|Latin (group) name: Thuja|
|Latin (specific) name: Thuja Plicata (Donn)|
|Average max height: Over 200'|
|Average diameter: Up to 16'|
|Associated state: none|
|Category: American Woods|
The Softwoods - Conifers
Western Red cedar is a large, long-lived, slow-growing tree of the Paciﬁc northwest. It attains heights of over 200 feet with a trunk diameter up to 16 feet. It has a wide buttressed or “swell butted” base, a long, clear trunk and a narrow, dense, conical crown. The bark, which is comparatively thin for such a large tree, being less than one inch thick, is stringy, fluted and ﬁbrous and a clear reddish, cinnamon-browncolor. The inner bark is strong and tough and was used by the Indians for making baskets. The leaves, which have a pleasing aromatic odor, are ﬂat and scale-like, glossy on the upper surface and form ﬂat, lacy sprays. The small cones are about one-half inch long, have a leathery-brown color, and after shedding their small double-winged seeds, remain on the tree until the following summer.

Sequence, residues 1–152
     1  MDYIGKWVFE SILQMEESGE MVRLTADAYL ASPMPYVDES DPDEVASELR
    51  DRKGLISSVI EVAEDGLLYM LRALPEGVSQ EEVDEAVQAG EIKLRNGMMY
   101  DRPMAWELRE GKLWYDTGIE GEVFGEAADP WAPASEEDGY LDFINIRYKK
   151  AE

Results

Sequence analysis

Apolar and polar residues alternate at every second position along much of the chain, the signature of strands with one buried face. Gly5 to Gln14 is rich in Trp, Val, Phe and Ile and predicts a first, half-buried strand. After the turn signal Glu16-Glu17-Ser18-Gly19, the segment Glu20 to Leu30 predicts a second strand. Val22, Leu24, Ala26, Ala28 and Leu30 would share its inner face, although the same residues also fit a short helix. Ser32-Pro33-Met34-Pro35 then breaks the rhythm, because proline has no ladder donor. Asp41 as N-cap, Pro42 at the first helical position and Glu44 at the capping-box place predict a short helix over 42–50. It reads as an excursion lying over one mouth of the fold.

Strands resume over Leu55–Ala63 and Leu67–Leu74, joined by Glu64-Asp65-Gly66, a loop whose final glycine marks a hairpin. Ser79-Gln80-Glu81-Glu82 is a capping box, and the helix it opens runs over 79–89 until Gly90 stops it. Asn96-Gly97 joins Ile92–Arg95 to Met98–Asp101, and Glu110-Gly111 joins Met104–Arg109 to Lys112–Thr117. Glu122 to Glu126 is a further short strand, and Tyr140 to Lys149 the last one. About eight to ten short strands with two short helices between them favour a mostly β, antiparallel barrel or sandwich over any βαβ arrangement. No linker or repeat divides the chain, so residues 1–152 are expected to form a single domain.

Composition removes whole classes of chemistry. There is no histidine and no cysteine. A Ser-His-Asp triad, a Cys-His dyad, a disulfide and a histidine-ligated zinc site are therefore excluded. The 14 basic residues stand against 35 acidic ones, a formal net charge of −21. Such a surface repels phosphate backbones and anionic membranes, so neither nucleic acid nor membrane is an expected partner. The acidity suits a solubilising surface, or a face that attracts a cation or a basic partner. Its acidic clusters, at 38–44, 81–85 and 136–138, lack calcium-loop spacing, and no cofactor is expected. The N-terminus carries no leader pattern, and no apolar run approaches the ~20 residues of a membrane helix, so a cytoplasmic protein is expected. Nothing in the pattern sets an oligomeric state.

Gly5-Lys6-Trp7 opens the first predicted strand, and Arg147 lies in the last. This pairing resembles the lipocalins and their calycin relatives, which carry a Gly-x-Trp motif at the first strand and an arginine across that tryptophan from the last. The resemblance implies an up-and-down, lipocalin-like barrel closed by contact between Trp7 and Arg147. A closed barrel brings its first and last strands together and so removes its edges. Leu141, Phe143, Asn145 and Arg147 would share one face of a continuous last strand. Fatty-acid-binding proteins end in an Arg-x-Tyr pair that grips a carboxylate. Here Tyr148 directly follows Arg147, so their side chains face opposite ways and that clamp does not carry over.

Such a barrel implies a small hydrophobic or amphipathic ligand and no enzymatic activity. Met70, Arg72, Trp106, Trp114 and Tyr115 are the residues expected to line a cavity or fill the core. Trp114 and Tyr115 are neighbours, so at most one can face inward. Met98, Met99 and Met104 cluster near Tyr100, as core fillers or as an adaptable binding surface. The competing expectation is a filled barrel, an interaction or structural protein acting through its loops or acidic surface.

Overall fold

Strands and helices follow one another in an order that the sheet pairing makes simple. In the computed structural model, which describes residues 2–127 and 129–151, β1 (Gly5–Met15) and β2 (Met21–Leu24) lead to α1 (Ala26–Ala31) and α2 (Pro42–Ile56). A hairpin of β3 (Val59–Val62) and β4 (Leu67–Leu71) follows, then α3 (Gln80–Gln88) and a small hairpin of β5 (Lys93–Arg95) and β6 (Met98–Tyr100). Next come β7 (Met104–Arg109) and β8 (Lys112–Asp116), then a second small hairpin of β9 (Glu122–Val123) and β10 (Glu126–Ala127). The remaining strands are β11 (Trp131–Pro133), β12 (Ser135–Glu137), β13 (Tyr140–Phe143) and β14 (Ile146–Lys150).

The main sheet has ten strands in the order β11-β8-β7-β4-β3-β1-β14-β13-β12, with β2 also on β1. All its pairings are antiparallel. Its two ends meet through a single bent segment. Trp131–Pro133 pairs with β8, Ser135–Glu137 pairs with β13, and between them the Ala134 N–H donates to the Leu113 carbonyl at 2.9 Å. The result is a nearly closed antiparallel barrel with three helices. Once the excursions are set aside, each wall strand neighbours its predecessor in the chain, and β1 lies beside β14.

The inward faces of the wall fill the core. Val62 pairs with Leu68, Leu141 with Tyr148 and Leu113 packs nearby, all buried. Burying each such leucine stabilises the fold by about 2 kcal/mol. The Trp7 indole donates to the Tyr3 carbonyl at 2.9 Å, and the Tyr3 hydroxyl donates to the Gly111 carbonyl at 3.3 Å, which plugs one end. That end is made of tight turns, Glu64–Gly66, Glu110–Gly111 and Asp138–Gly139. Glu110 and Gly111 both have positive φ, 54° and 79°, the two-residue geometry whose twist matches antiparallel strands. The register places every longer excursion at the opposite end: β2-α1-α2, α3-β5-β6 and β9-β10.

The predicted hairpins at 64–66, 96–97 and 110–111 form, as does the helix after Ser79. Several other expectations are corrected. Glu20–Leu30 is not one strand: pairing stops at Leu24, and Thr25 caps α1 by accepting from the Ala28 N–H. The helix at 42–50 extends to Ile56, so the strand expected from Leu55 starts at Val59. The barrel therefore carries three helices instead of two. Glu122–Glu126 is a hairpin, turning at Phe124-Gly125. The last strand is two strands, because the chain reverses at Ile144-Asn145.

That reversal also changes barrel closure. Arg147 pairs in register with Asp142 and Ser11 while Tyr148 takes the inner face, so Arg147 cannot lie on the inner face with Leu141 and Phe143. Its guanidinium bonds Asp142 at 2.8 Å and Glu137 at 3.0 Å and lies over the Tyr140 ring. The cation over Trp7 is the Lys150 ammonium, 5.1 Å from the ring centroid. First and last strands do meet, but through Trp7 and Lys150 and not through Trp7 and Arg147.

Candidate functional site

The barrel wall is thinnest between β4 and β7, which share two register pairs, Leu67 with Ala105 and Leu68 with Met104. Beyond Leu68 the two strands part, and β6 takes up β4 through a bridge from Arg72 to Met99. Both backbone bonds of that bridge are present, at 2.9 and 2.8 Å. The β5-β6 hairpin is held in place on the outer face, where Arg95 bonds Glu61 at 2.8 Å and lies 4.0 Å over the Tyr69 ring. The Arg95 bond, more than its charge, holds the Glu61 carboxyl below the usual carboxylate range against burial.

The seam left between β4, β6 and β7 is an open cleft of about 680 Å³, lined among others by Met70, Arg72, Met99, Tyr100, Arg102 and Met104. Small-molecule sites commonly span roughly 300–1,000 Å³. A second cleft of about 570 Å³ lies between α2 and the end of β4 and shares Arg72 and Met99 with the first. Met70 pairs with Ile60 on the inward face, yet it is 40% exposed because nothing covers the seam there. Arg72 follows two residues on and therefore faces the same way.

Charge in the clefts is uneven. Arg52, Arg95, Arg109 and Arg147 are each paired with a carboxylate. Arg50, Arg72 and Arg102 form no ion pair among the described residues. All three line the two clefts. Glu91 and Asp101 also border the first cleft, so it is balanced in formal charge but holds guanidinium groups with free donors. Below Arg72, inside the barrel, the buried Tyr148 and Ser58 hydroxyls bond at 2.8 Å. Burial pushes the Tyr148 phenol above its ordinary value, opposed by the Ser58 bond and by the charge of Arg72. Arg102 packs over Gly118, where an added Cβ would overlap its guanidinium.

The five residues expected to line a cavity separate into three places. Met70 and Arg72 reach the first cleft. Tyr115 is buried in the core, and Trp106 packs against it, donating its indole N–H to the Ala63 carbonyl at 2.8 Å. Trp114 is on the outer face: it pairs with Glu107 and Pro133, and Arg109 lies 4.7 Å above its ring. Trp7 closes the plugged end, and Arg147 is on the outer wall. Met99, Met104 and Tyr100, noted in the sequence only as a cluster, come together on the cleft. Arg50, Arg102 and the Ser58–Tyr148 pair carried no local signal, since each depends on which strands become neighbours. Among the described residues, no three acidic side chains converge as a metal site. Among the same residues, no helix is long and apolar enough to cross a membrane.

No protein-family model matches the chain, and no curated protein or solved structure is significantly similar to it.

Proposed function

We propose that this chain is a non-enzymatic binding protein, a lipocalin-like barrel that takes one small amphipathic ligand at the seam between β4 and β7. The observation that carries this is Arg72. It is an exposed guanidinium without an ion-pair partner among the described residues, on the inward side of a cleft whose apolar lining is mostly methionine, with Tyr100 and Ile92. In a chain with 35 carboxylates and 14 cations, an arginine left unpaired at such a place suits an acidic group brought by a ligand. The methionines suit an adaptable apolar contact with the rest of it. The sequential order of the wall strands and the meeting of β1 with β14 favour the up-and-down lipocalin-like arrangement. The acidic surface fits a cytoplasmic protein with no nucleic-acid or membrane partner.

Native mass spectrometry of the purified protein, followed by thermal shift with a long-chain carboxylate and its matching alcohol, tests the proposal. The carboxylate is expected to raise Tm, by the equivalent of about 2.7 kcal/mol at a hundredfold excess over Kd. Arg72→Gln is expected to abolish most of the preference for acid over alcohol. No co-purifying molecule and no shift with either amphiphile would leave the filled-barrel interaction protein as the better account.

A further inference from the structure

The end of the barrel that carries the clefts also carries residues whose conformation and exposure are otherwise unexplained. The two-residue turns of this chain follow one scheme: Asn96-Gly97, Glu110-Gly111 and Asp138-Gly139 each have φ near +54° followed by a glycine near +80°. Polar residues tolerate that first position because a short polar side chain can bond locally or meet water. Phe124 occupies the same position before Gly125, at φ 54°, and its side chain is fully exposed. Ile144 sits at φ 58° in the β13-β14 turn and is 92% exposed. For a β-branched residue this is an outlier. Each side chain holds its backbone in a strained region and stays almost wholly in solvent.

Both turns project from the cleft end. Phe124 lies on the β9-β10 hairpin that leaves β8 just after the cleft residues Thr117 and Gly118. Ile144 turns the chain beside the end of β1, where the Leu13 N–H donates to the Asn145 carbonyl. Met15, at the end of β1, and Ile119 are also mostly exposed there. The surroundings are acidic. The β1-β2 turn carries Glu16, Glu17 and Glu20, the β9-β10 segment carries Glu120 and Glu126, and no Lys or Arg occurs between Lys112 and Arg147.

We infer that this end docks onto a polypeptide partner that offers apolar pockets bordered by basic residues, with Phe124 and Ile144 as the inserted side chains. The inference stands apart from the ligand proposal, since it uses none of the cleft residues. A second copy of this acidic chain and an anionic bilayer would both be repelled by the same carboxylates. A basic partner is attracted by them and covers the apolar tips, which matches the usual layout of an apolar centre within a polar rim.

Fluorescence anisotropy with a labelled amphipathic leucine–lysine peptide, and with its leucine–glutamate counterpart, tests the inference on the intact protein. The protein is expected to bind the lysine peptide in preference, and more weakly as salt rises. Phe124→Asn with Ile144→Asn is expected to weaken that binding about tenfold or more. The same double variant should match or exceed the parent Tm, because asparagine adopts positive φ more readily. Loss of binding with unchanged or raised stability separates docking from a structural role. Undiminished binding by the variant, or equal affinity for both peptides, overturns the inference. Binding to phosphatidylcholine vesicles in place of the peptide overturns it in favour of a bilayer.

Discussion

- Western Bed cedar (trade)
- Arborvitae (Calif.)
- British Columbia Cedar (trade)
- Canoe Cedar (Oreg.,Wash.)
- California Cedar (trade)
- Cedar (Oreg., Mont., Idaho., Paciﬁc Coast, trade)
- Giant Arborvitae (Lit. and hort.)
- Gigantic Cedar (Calif.)
- Gigantic Red Cedar (Calif.,lit.)
- Idaho Cedar (trade)
- Lobb’s Arborvitae (Eng)
- Oregon Cedar (trade)
- Paciﬁc Arborvitae (lit.)
- Paciﬁc Red Cedar (Calif.,lit.)
- Red Cedar (Idaho, Oreg., Wash., Mont., B.C.)
- Red Cedar Pine (trade)
- Stinking Cedar
- Washington Cedar (trade)
- Washington Red Cedar (trade)
- Western Arborvitae (lit.)
- Western Cedar
The natural growth range of Western Red cedar extends from southern Alaska to northern California and eastward through Washington, western Montana and northern Idaho. It is found on moist soils from sea level, up to 7,000 feet in the northern Rocky Mountains.
Western Redcedar heartwood is light, soft, durable, easy to work, rather brittle, and strongly aromatic. It is a dull reddish-brown, losing its reddish tinge with exposure. The sapwood is narrow and nearly white. The wood is straight-grained, rather coarse in texture and free from pitch. It takes a good ﬁnish, is easily glued, and takes and holds nails and screws very well.
The principal use of Western Red cedar is for shingles and lumber. It is also used for boxes and crating, caskets and burial boxes, sash, doors, general millwork, boat building, wooden ware novelties and many other minor uses.